Within a few months, they returned to cause devastation in the Swabian land. Seeing the rampant raids, Otto’s son-in-law decided that something had to be done and reached a truce in their internal conflicts. Gathering an army from Bavaria, Swabia, Bohemia, and Lorrain, Otto then led a great attack against the Magyars. In their fierce encounter with the looters, Conrad of Lorraine was slain. Otto’s men, however, didn’t stop. They chased every last one of the Magyars and killed them over the following three days of the battle.

Apart from putting the Magyars to an end, the Battle of Lechfeld also strengthened Otto’s reign over the kingdom. In 962, Pope John XII crowned Otto the Emporer of Rome. This way, the Saxon leader not only created modern-day Germany but also revived the Roman Empire.

4. The Battle of the Metaurus, 207 B.C.: the rise of the Romans

The Battle of Metaurus, in 207 BC, was a turning point not just for the Romans, but also for the entire civilisation as we know it. In 207 BC, the world superpowers Rome and Carthage (modern-day Tunisia) broke into another war. The Battle of Metaraus was one of the little battles that took place during the Second Punic Wars.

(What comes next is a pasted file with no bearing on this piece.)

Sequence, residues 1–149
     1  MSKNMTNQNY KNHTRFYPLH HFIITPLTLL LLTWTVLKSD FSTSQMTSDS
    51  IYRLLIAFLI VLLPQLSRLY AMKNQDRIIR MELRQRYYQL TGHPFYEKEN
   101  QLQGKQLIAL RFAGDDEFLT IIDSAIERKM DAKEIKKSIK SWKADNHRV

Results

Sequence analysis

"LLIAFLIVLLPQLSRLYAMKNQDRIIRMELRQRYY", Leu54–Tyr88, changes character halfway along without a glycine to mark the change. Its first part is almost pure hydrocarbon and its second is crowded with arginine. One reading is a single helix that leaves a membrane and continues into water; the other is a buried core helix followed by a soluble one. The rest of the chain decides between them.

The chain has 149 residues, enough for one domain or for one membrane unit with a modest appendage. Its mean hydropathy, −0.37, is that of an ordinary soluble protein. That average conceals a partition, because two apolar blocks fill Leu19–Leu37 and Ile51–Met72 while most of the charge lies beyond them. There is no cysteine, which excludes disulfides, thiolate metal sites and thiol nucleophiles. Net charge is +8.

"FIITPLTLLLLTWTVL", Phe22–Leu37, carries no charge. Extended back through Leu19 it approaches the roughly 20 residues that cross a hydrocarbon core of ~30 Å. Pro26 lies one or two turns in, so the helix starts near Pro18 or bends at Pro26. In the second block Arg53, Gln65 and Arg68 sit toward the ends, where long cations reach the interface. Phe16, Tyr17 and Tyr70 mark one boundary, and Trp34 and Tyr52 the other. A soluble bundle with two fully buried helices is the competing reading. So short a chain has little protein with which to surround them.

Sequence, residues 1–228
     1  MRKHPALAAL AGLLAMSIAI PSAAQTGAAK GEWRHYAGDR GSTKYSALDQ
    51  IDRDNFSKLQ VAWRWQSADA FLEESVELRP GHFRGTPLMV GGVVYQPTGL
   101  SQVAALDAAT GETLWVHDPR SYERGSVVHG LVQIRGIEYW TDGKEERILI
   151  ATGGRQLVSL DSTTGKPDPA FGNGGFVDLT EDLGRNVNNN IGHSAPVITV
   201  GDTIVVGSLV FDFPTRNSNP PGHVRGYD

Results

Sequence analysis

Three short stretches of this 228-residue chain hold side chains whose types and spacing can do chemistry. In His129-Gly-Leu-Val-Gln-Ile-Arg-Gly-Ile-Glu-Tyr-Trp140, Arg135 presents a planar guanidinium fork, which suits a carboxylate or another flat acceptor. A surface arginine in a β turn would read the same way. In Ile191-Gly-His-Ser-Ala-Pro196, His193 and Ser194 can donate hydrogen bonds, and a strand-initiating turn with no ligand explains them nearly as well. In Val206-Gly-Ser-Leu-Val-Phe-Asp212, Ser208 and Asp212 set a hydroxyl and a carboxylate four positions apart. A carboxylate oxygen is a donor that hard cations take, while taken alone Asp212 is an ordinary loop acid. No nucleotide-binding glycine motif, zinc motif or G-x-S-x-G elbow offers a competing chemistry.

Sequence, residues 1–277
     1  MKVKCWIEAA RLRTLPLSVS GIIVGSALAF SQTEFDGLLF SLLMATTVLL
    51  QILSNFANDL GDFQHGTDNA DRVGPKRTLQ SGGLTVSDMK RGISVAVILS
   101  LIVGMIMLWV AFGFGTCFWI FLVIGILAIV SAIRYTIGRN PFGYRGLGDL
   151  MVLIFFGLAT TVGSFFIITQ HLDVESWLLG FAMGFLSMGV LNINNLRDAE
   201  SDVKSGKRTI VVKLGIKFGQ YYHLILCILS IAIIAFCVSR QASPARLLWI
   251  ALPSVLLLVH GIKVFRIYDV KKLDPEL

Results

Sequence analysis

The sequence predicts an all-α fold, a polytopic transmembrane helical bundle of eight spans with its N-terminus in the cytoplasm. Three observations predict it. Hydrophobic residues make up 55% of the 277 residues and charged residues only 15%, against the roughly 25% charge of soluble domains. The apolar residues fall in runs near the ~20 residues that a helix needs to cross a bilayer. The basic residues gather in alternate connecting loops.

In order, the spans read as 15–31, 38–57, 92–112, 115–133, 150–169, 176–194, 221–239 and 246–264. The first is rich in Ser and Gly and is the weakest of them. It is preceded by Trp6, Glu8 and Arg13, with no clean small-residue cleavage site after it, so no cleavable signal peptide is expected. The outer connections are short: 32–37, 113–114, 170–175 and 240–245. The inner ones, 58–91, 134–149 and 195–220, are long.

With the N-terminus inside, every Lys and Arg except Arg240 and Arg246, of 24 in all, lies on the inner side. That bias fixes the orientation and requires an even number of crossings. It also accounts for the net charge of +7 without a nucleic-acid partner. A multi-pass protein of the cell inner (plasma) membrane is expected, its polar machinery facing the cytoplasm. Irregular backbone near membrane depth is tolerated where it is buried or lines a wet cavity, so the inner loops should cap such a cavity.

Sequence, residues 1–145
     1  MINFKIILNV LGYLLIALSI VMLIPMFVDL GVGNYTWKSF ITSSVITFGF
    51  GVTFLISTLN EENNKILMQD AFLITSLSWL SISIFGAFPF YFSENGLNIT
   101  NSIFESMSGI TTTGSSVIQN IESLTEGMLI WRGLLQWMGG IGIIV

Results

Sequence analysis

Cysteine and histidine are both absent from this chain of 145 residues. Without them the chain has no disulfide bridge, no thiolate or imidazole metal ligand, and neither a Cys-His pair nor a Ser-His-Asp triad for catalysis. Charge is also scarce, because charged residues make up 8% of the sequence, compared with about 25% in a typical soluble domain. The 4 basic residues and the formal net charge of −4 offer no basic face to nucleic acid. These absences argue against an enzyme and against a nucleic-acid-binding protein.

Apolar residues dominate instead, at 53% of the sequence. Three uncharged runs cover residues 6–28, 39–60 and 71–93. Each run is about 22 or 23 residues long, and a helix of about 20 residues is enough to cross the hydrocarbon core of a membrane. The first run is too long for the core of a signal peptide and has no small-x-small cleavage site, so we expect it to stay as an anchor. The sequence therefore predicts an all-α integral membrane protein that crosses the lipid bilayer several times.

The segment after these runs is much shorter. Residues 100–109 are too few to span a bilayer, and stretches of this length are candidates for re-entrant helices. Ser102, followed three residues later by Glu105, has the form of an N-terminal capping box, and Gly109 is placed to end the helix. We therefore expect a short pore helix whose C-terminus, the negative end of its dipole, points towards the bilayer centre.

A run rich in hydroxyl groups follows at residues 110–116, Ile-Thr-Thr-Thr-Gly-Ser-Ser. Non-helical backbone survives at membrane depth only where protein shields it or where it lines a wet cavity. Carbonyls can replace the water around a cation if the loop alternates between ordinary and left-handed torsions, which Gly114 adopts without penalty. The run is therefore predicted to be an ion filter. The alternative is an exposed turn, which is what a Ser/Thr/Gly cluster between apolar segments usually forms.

Carthago’s army was led by Hasdrubal Barca, the Carthaginian general’s brother. While the Romans were led by Gaius Claudius Nero and Marcus Livius, who later came to be known as Salinator. Both armies were aggressive, well-organized, hard-working, and well-led. Despite their planning, plotting, and their inherent need to be a step ahead from their archnemesis, Rome won each of the three wars by a minute margin.

Perhaps, that’s why you know about Romans and probably never heard of the Carthaginians before.

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I am a scientist by profession and a historian by passion. I mostly write about history and science.

Texas State